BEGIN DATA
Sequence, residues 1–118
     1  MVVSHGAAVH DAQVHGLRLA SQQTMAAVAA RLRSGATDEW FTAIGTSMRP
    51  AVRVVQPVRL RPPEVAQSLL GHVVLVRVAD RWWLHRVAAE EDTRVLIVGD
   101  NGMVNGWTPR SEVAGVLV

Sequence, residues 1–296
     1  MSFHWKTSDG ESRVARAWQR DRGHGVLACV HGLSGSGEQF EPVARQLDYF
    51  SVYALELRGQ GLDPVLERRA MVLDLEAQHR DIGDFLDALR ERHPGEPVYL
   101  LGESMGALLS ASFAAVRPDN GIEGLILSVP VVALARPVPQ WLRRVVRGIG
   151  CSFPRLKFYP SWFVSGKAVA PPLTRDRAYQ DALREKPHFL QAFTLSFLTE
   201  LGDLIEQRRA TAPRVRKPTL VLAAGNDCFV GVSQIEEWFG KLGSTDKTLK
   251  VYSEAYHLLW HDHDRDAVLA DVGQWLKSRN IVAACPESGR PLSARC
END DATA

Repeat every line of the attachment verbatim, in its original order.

Sequence, residues 1–118
     1  MVVSHGAAVH DAQVHGLRLA SQQTMAAVAA RLRSGATDEW FTAIGTSMRP
    51  AVRVVQPVRL RPPEVAQSLL GHVVLVRVAD RWWLHRVAAE EDTRVLIVGD
   101  NGMVNGWTPR SEVAGVLV

Sequence, residues 1–296
     1  MSFHWKTSDG ESRVARAWQR DRGHGVLACV HGLSGSGEQF EPVARQLDYF
    51  SVYALELRGQ GLDPVLERRA MVLDLEAQHR DIGDFLDALR ERHPGEPVYL
   101  LGESMGALLS ASFAAVRPDN GIEGLILSVP VVALARPVPQ WLRRVVRGIG
   151  CSFPRLKFYP SWFVSGKAVA PPLTRDRAYQ DALREKPHFL QAFTLSFLTE
   201  LGDLIEQRRA TAPRVRKPTL VLAAGNDCFV GVSQIEEWFG KLGSTDKTLK
   251  VYSEAYHLLW HDHDRDAVLA DVGQWLKSRN IVAACPESGR PLSARC